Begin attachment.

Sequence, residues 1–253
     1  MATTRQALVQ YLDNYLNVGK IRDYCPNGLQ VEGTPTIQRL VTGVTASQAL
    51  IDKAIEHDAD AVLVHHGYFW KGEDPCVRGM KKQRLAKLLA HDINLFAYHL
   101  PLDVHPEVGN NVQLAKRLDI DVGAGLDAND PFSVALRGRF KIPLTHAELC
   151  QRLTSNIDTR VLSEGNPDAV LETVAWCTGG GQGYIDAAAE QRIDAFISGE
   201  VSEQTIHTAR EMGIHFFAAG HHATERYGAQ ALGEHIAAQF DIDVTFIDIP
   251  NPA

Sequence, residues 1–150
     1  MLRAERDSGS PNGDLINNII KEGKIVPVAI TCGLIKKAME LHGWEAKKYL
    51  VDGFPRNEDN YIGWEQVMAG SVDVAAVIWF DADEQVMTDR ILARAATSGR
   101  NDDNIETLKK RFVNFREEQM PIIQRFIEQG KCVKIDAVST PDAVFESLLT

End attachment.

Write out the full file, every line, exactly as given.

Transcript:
Sequence, residues 1–253
     1  MATTRQALVQ YLDNYLNVGK IRDYCPNGLQ VEGTPTIQRL VTGVTASQAL
    51  IDKAIEHDAD AVLVHHGYFW KGEDPCVRGM KKQRLAKLLA HDINLFAYHL
   101  PLDVHPEVGN NVQLAKRLDI DVGAGLDAND PFSVALRGRF KIPLTHAELC
   151  QRLTSNIDTR VLSEGNPDAV LETVAWCTGG GQGYIDAAAE QRIDAFISGE
   201  VSEQTIHTAR EMGIHFFAAG HHATERYGAQ ALGEHIAAQF DIDVTFIDIP
   251  NPA

Sequence, residues 1–150
     1  MLRAERDSGS PNGDLINNII KEGKIVPVAI TCGLIKKAME LHGWEAKKYL
    51  VDGFPRNEDN YIGWEQVMAG SVDVAAVIWF DADEQVMTDR ILARAATSGR
   101  NDDNIETLKK RFVNFREEQM PIIQRFIEQG KCVKIDAVST PDAVFESLLT